by LIZZIE DEAL
For students who are unable to commit to the pressure and performance of Division 1 athletics but still want to engage in a sport competitively, club sports offers a suitable medium between varsity and intramural participation. Drake University offers eight different sports clubs including tennis, golf, soccer, swimming, volleyball, and ultimate frisbee.
Sports clubs offer students an opportunity to engage in a sport without the commitment of varsity level athletics. While prior experience with the sport is encouraged, it isn’t always required to join. Most teams practice a couple times a week during their season, and while attending more practices might give you a leg up when it comes to being placed on the roster to travel, most aren’t mandatory.
“Club sports typically has one semester that’s your heavy season, so for soccer, that’s in the fall,” Bridget Davidson, the Women’s Club Soccer President said. “When we’re in our season, we have at least two practices a week, and then typically one game a week, if not a double header, sometimes a tournament. Off-season can be like one practice a week, just for fun, and sometimes in the opposite season there are some scrimmages or games.”
When it comes to competitions, sports club games typically follow the rules of the sport in question, although sometimes discrepancies in referees can create some leeway. While some games might be officiated by certified referees, others could be done by Recreational Services employees.
“The technically should be the real rules, but that can sometimes not happen,” Davidson said. “When we host games, it’s usually student refs, so it’s people we know who’ve played soccer. They might not even be a certified ref, but we know they know the rules. Sometimes when we go to other schools, [the refs may] have some training, but might not know fully the rules of the game, so that’s kind of more like intramurals. Other games we have official legit refs, so it can vary.”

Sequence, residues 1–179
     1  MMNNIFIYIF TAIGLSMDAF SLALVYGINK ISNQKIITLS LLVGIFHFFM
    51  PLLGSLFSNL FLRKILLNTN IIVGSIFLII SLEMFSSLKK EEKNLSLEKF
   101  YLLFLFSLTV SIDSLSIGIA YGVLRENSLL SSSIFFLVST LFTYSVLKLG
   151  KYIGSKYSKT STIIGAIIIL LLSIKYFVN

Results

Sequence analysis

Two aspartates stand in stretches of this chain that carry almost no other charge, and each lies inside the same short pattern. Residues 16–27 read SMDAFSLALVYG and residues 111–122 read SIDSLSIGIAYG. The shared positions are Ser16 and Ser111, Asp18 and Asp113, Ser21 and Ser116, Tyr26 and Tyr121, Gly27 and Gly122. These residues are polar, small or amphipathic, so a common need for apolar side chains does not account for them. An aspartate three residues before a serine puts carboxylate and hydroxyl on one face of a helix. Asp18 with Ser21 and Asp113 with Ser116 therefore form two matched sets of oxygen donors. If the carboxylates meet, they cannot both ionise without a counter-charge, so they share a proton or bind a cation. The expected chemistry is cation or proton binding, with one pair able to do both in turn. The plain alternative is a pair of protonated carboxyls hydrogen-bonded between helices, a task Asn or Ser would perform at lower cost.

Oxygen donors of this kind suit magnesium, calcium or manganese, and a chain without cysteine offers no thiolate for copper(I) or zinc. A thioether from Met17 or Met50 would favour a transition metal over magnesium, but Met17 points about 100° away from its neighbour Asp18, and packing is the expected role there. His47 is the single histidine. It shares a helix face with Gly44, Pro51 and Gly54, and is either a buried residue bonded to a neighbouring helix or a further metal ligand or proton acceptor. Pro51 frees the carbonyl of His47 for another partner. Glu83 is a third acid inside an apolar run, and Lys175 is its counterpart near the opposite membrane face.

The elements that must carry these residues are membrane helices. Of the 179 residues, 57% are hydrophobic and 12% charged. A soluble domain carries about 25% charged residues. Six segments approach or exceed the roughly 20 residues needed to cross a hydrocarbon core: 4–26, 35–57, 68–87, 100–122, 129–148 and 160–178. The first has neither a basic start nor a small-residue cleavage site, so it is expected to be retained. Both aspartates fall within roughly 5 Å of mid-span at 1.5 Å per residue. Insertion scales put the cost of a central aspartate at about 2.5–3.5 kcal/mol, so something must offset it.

The main thing that separates sport clubs from intramurals is their ability to travel and compete against teams from other schools rather than just Drake students.
“Club sports has allowed me to see places I have never been to before,” Alex Doughty, a club tennis and soccer player, said. “When you travel with a team you get very close because it is all carpooling and fast food stops. When you arrive, you get to explore a new place with your teammates which can bring you closer together, especially if you get lost together.”
Sports clubs also offer an opportunity to get to know new people who already share a common interest, and can serve as a motivation to work out.
“It has introduced me to so many people, other freshmen and upperclassmen, and has allowed me to get some fun exercise in,” Doughty said. “I am also the type of person who needs to move around throughout the day, so I know when I am having a stressful or long school day, I get to go hit or kick something and run around to get my energy out.”
Most club teams are student-led and funded by dues, which gives the students involved more power over what they do and spend money on. Creating schedules, planning practices, and collecting paperwork all fall to the club’s president.
“The first thing you plan is usually games,” Davidson said. “Coordinating with other schools can be difficult, and you have to do it a lot earlier than you think. We have to inventory what we have, what we need. This season we didn’t have to do it, but if we have home games, it’s reserving space in the stadium, getting refs, that kind of stuff is all on me. Paperwork, travel rosters, travel forms so when we leave campus they know who’s with us and forms for driving to get approved to drive other students to places off campus.”
For students who want to play sports at a higher level of competition than intramurals but who can’t commit to playing Division 1 level sports, clubs are a low-stress option to fit some physical activity into your schedule.